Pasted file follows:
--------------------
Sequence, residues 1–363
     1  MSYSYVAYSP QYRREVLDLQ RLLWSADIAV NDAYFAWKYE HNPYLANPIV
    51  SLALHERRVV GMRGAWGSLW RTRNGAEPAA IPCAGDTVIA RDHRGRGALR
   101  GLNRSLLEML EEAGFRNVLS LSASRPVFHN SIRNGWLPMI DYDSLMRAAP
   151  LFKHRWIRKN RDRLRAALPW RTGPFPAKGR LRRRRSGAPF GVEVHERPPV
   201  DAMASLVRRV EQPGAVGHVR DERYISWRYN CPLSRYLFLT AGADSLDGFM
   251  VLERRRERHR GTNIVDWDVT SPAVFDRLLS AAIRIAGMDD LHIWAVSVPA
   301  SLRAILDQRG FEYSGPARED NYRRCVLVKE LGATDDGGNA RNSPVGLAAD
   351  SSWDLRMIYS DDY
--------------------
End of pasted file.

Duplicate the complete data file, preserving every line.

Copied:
Sequence, residues 1–363
     1  MSYSYVAYSP QYRREVLDLQ RLLWSADIAV NDAYFAWKYE HNPYLANPIV
    51  SLALHERRVV GMRGAWGSLW RTRNGAEPAA IPCAGDTVIA RDHRGRGALR
   101  GLNRSLLEML EEAGFRNVLS LSASRPVFHN SIRNGWLPMI DYDSLMRAAP
   151  LFKHRWIRKN RDRLRAALPW RTGPFPAKGR LRRRRSGAPF GVEVHERPPV
   201  DAMASLVRRV EQPGAVGHVR DERYISWRYN CPLSRYLFLT AGADSLDGFM
   251  VLERRRERHR GTNIVDWDVT SPAVFDRLLS AAIRIAGMDD LHIWAVSVPA
   301  SLRAILDQRG FEYSGPARED NYRRCVLVKE LGATDDGGNA RNSPVGLAAD
   351  SSWDLRMIYS DDY